An accountant and former restaurant owner, Murl has taught ski school in Whistler for 14 years and has lived full time in the community for five years.
He's sat on Vancouver boards such as the Vancouver Urban Farming Society, the Beaumont Studios Artist Society and was chair of a citizens committee responsible for studying amalgamation on the North Shore.
Unsurprisingly, he was typically tapped to be treasurer.
In Whistler, the "big buzz word" is housing, Murl said.
"That's what everyone wants to talk about. I don't have any magic bullet, but it's something that I feel like I'd rather be involved in as an accountant ... I want to make sure that any decisions are fiscally responsible and don't negatively impact the finances of our community," he said.
Murl would also like to have an "honest conversation about growth" in Whistler.
"I feel like as a community we don't want to keep growing because of traffic and housing constraints, but then for jobs and opportunities, everyone who has a business wants to keep growing, and we're obviously dominated by Vail (Resorts, which) will want to grow regardless, because that's (its) job," Murl said.
"I know we have limited levers as a community to control what they do, but I'd love to be in a position to dictate a little more as to how their plan goes, because they're a publicly traded company and they're going to just push, push, push.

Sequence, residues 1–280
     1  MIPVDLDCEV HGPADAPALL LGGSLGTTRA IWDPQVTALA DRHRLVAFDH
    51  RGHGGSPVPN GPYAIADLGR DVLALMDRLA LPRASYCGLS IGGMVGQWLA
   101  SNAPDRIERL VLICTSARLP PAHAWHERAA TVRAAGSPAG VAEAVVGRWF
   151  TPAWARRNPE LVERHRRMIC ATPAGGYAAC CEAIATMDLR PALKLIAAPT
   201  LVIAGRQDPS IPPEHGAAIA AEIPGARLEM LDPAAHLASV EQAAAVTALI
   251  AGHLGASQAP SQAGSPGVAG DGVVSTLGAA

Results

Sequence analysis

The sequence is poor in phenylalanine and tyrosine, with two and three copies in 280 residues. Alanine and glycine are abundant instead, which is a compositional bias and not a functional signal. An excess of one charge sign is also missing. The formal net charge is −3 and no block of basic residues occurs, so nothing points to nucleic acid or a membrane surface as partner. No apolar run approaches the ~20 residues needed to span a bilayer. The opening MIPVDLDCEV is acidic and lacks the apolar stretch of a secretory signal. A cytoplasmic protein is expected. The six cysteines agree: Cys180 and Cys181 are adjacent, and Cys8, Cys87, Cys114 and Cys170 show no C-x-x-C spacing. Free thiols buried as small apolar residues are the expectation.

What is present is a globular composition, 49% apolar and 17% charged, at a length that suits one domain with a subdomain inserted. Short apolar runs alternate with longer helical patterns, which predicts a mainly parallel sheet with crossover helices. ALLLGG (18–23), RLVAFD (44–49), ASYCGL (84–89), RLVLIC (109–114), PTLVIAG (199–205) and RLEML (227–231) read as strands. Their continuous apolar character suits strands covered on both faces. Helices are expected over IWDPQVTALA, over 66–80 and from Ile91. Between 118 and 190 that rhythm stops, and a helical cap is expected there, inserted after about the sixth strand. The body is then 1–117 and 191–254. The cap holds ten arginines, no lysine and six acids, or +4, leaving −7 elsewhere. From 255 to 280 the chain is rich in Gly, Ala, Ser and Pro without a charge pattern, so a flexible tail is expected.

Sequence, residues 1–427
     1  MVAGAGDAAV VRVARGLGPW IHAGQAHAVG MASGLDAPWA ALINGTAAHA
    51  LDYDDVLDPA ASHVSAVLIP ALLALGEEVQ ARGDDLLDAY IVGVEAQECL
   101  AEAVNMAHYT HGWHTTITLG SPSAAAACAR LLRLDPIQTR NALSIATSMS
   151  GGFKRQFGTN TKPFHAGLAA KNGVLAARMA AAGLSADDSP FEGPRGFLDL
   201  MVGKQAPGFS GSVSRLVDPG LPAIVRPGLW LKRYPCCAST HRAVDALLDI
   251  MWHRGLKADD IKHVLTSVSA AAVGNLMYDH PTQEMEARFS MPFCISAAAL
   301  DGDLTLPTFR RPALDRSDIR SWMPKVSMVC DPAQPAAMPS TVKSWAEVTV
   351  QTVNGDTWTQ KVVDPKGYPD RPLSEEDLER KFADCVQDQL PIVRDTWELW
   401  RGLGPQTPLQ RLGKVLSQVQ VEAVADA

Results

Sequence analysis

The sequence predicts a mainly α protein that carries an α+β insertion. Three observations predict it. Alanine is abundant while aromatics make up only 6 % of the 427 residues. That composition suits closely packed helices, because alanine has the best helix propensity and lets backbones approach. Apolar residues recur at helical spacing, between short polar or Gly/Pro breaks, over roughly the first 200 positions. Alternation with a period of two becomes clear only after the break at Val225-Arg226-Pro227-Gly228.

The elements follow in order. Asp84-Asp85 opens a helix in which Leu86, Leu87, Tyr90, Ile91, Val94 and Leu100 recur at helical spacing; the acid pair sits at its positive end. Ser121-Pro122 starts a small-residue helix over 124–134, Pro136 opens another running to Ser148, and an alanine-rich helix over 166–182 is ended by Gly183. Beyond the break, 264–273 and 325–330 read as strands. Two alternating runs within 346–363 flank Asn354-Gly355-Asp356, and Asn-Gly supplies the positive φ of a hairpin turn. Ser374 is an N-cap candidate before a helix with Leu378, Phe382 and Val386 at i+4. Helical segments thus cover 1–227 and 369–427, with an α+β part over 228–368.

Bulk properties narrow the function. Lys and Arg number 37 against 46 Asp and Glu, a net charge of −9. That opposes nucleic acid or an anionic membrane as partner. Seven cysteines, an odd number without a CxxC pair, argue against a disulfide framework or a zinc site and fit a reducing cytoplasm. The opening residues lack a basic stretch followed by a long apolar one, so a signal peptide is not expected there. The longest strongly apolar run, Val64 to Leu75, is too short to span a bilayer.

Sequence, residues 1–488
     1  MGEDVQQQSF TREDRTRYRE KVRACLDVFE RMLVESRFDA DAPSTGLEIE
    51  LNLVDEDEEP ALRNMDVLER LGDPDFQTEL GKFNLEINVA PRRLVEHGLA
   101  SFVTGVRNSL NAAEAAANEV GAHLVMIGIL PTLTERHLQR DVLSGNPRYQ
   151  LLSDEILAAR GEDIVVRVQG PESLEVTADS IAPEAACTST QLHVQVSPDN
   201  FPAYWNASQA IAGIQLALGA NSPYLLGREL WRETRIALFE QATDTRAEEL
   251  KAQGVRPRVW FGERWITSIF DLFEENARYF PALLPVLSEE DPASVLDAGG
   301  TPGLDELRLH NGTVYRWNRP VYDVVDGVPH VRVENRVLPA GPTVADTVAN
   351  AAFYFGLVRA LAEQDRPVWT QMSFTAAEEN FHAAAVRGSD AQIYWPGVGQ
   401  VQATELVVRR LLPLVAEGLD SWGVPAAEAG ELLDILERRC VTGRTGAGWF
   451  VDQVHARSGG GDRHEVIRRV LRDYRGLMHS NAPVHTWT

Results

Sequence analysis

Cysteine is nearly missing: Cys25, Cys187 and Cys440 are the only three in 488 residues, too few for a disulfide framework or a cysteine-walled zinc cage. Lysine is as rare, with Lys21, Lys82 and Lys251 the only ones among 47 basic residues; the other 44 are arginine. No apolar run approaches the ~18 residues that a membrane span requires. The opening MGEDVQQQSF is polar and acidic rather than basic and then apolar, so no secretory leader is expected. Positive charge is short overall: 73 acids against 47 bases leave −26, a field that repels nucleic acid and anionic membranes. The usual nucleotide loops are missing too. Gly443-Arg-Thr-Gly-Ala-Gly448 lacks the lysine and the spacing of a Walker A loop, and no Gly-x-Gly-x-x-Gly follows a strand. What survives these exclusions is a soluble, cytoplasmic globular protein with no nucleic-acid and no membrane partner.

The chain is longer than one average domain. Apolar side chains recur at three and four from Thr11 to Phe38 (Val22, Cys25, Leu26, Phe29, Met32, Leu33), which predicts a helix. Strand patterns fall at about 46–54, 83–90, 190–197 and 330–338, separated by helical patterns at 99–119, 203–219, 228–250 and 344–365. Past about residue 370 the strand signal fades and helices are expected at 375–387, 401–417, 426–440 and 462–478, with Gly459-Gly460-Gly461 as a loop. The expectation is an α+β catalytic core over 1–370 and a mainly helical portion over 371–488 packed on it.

"We really need to be honest in the community—are we willing to let this happen? Because we know where they're going."
Hindsight tends to be 20/20, and the past is often painted in a positive light when compared to the present, Murl said.
"We've had slow times, and I would rather be planning for those ahead, because we've had some boom years. I would really like to make sure our plan is to allow us to slow down again, and be conservative in what we do," he said.
"So that's where I want to come in and just make sure that we're thinking about the negative impacts as well, and not just remembering the positive stuff."
With one year of experience under her belt, incumbent Councillor Cathy Jewett—first elected in an October 2017 byelection—feels ready for four more.
"I had a really great first year. I learned a lot, and I think I'd like to take that experience and be able to make a difference in the next four years," Jewett said.
"I would say (the first year) opened my eyes to the way our local government works. It made me understand more about the staff workloads that we have, and it made me understand more about how to advocate better."
In her first year Jewett was appointed to represent council with the Association of Whistler Area Residents for the Environment (AWARE), the Whistler Community Services Society and the board of the Whistler Public Library, as well as serving on the Transportation Advisory Group and the Human Resources, May Long Weekend and Forest and Wildland Advisory committees.